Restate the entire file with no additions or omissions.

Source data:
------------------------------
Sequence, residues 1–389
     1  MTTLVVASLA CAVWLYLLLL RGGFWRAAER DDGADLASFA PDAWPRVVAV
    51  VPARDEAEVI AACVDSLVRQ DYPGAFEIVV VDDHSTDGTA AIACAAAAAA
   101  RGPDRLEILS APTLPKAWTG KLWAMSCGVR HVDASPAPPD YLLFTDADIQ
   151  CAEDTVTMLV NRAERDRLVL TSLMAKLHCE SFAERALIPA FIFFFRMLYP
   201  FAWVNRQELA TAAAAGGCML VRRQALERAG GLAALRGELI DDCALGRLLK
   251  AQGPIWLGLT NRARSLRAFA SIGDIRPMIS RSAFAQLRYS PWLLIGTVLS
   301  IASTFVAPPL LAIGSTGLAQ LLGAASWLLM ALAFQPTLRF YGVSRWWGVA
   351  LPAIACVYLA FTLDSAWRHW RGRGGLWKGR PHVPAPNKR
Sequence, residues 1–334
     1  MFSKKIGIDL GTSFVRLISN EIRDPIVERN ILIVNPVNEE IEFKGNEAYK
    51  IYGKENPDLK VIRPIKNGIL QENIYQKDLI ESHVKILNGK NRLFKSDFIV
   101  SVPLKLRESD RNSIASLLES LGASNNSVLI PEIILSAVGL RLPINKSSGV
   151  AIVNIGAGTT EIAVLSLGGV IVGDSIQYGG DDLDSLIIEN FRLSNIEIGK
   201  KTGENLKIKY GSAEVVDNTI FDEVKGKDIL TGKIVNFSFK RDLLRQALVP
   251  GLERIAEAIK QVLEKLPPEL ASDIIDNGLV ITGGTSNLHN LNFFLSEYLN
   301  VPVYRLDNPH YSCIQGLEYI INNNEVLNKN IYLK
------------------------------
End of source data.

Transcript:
Sequence, residues 1–389
     1  MTTLVVASLA CAVWLYLLLL RGGFWRAAER DDGADLASFA PDAWPRVVAV
    51  VPARDEAEVI AACVDSLVRQ DYPGAFEIVV VDDHSTDGTA AIACAAAAAA
   101  RGPDRLEILS APTLPKAWTG KLWAMSCGVR HVDASPAPPD YLLFTDADIQ
   151  CAEDTVTMLV NRAERDRLVL TSLMAKLHCE SFAERALIPA FIFFFRMLYP
   201  FAWVNRQELA TAAAAGGCML VRRQALERAG GLAALRGELI DDCALGRLLK
   251  AQGPIWLGLT NRARSLRAFA SIGDIRPMIS RSAFAQLRYS PWLLIGTVLS
   301  IASTFVAPPL LAIGSTGLAQ LLGAASWLLM ALAFQPTLRF YGVSRWWGVA
   351  LPAIACVYLA FTLDSAWRHW RGRGGLWKGR PHVPAPNKR
Sequence, residues 1–334
     1  MFSKKIGIDL GTSFVRLISN EIRDPIVERN ILIVNPVNEE IEFKGNEAYK
    51  IYGKENPDLK VIRPIKNGIL QENIYQKDLI ESHVKILNGK NRLFKSDFIV
   101  SVPLKLRESD RNSIASLLES LGASNNSVLI PEIILSAVGL RLPINKSSGV
   151  AIVNIGAGTT EIAVLSLGGV IVGDSIQYGG DDLDSLIIEN FRLSNIEIGK
   201  KTGENLKIKY GSAEVVDNTI FDEVKGKDIL TGKIVNFSFK RDLLRQALVP
   251  GLERIAEAIK QVLEKLPPEL ASDIIDNGLV ITGGTSNLHN LNFFLSEYLN
   301  VPVYRLDNPH YSCIQGLEYI INNNEVLNKN IYLK